Rebecca Twigg

Rebecca Twigg ( born March 26, 1963 in Seattle ) is a former American racing driver and six -time World Champion.

Rebecca Twigg was one of America's most successful women cyclists. Her career spanned almost two decades, from the early 1980s to the late 1990s, with a break from 1987 until 1991.

The age of 14 attended the gifted Rebecca Twigg a university. Then she felt uncomfortable in them, she turned on the advice of her mother's cycling in order to strengthen their self-confidence. With almost 18 years, it was the first time U.S. road champion, after it had previously won four junior title on rail and road. In total, she won 16 U.S. titles.

On the railway was Rebecca Twigg six times world champion in the individual pursuit (1982, 1984, 1985, 1987, 1993 and 1995); while she put three times to a new world record. As the road race for women was included on the Olympic program, they also turned to this discipline. Thrice Rebecca Twigg participated in Olympic Games (1984, 1992 and 1996) in part. 1984 at the Games in Los Angeles, she was beaten narrowly by her compatriot Connie Carpenter Phinney. Later Twigg admitted before the race at the direction of then- head coach Edward Borysewicz how other drivers have also performed blood doping, which at that time was not expressly prohibited.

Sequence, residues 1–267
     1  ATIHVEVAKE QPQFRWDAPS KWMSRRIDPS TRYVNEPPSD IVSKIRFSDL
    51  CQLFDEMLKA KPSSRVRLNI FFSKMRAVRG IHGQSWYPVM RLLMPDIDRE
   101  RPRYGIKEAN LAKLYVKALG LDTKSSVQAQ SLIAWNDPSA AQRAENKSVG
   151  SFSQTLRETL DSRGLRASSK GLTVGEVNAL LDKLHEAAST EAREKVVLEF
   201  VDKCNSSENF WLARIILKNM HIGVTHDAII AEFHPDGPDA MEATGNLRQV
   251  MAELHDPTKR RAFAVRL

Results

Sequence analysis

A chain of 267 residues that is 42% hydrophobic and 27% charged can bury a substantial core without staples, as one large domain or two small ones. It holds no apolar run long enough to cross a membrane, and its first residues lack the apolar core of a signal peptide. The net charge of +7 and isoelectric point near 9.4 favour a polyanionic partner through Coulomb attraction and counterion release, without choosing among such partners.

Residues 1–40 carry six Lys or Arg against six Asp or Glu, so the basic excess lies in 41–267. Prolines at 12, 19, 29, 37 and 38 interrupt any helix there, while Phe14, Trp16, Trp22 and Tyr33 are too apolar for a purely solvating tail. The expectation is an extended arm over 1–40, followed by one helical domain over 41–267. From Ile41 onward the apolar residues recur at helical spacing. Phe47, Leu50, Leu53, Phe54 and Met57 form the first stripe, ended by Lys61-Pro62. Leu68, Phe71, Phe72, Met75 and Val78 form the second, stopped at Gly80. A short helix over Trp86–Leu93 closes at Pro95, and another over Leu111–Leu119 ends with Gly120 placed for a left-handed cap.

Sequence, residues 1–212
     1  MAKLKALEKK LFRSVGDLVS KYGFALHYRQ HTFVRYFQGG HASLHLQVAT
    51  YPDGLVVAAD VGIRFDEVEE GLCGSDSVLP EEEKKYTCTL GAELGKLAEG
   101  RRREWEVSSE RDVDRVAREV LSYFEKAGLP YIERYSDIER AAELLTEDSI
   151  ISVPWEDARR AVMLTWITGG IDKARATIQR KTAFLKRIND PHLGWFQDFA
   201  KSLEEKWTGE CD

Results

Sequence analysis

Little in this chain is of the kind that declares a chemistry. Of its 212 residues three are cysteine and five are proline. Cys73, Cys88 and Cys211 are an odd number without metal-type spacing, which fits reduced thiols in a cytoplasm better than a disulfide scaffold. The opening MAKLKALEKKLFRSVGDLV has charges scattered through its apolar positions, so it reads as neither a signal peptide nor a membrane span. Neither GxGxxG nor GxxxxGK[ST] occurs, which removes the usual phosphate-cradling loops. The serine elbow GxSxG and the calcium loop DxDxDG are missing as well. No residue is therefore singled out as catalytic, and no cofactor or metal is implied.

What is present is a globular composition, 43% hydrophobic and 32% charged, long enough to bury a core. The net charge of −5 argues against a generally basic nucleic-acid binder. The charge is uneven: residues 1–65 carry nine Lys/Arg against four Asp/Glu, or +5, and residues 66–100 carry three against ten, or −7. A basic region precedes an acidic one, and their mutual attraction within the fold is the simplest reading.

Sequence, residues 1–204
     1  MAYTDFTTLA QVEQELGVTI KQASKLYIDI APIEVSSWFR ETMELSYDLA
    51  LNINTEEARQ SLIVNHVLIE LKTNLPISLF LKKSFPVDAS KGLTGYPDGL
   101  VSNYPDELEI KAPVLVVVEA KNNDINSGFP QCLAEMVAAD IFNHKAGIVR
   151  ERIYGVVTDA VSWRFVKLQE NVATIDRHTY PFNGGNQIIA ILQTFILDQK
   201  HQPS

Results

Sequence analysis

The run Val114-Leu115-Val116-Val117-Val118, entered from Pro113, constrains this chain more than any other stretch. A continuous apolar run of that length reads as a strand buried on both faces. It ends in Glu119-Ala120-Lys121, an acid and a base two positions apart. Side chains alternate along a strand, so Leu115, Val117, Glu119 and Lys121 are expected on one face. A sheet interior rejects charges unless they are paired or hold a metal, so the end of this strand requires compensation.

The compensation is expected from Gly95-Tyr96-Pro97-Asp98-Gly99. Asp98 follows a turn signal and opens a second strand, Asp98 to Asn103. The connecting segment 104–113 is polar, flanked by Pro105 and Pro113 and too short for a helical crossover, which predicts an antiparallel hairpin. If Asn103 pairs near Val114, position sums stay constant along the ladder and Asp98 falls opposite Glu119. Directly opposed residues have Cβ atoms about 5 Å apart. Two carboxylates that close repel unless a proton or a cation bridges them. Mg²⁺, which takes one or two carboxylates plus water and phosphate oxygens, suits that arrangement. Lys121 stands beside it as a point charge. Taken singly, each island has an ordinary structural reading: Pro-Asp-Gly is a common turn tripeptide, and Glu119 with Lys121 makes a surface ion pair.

At the games in Barcelona in 1992 Rebecca Twigg won a bronze medal in the path tracking. Ahead of the Olympic track race in the time trial in Atlanta in 1996, there was a rift between her and the U.S. team line after she was eliminated in the individual pursuit surprisingly early. Other reasons for the dispute were that Twigg would not go to the specially developed " Super Bike" and insisted on the accreditation of their home trainer Edward Borysewicz. Then she no longer went to the race.

The U.S. road race " International Women 's Challenge ", she won three consecutive times ( 1984-86 ).

1997 Rebecca Twigg stepped back from active cycling.